I think I’m probably 3 to 6 months away from completing this story satisfactorily.  Probably a couple of years away from publishing if I am so fortunate.

Considering Adoption ?

Too often adoption facilitators are more concerned with socioeconomic factors than psychological, emotional or intellectual considerations. There are better indicators for adopting a child than providing a nursery or having enough money in the bank for a college education.

What there is a need for is emotional stability, honesty, and the willingness to become truly informed about what this process means for the adopting parents and the child they adopt.

Prospective adoptive parents can help by making certain the child they are considering REALLY needs to be adopted.

~ The Primal Wound

When asking how to best raise an adopted child, the experts in the 1980s said there were no unique needs and that being adopted (though I should be told as soon as possible) would mean nothing to me.

There is no post-adoption support.

You will not know why I feel so drawn to the ocean if my original family is from Tennessee.

I will tell you that you are not my “real mom” a handful of times out of frustration and not feeling understood.

I will make you prove over and over again that you love me.

I will spend too much time with people who don’t care about me because I will not be able to stand rejecting anyone.

When I become a mother, the adoptee in me will awaken. You will be bewildered when I start talking about being adopted, missing my first mother and my interest in my roots.

When I embark on reunion, you will support me, but feel as though I am rejecting you. I will have to tell you over and over again that I am not leaving you, but regaining part of me that was left behind.

~ Letter to my Prospective Adoptive Parents in The Declassified Adoptee

Much that I have read resonates with what I have seen in my own family.  Both my parents were adopted and each of my sisters gave up a child to adoption.  Inform yourself.  Don’t create a false identity for the child you adopt.  Be prepared for perhaps the hardest choice to parent a child.  Apply love liberally.


Julie Sue Dittmer Hart
born as Frances Irene Moore

My mom had her DNA tested at Ancestry.  I know what she was trying to do, she was hoping to uncover someone she was actually genetically related to.  I had mine tested too and over the last year plus it has paid off for me in my search for genetic relatives.

My mom diligently tried to create family trees based on my adoptive grandparents.  She admitted to me before she died that she just had to stop.  It wasn’t “real” to her.  I understand.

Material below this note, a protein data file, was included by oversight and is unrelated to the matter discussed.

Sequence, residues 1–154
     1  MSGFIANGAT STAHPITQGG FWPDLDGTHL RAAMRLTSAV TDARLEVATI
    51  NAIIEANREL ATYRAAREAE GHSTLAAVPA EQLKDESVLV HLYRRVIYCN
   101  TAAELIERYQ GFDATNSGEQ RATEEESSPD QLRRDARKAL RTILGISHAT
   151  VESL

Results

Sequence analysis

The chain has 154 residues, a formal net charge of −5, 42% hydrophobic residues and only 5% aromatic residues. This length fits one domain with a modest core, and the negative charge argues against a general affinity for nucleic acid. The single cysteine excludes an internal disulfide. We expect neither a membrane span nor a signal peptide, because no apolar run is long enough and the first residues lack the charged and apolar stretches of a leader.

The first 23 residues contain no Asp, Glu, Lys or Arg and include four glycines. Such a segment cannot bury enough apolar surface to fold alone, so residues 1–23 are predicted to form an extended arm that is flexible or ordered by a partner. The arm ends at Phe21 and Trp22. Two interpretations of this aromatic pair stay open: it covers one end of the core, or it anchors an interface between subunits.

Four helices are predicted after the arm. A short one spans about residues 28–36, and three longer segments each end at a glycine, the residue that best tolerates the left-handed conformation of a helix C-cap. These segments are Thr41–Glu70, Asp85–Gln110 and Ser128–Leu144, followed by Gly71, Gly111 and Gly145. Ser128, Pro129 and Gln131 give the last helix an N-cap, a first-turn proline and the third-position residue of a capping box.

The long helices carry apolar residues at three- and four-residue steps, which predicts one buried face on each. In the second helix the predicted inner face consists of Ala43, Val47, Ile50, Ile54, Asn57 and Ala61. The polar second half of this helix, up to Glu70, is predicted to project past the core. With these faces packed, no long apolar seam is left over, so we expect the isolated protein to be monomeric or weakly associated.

A little over a year ago, a writer’s guild friend quizzed me.  If the adoptive family is a good one (and both of my parents were thus blessed), why does it matter ?  And I explained to her the loss of heritage and knowing who and from where one’s roots are sourced.  She understood and continues to encourage me to get my book finished (and yes, I am working on one).

So it happened in the last week or so, my mom turned up on a family tree at Ancestry that made absolutely no sense to me.  So I reached out to the person responsible for it.  Just last night she cleared up the mystery and the connection for me – the “relationship” is with my dad’s adoptive mom.

Yet, what she wrote to me in conclusion (“Therefore I would be related to you. Unless you are adopted.”) had me opening up to her in reply.  “BOTH of my parents were adopted.  So in truth, you are NOT related to my dad either nor would I be” related to you.

It DOES matter.  I now know I have more than a bit of Scottish and Irish in me, quite a bit of Danish, a smidgen of Neanderthal and Ashkenazi Jew and though it is true that DNA testing (including at 23 and Me) has informed me about all of that, the VALUE goes beyond all that.  It is that when I match a genetic relative who would not know me from Adam, I have credibility now.


A Sacred Quest

Art by Stephen Delamare

If every life is actually a sacred quest to know who and what we really are, mine has certainly been easily viewed as just that.

I feel as though the “real” me has finally emerged out of the broken family tree that once concealed my true origins.

Now I know that we never were what we were forced to pretend we were due to adoptions.

We now have family, always had family, but that family was intentionally hidden from us until I was able to discover it in only the last year and a half.

Certainly, there are shadows and unanswered questions and it may be impossible to shed light on them now that so many years have passed.

But I am grateful for what I know and the “new” family I can build relationships with now. They are no more “perfect” than the members of the adoptive family that I still consider my “relations” as well.

It’s just that I know the same blood that runs in the “new” family’s veins, runs also in mine and for that I am eternally grateful.

I feel that I have fulfilled some part of my life’s purpose now.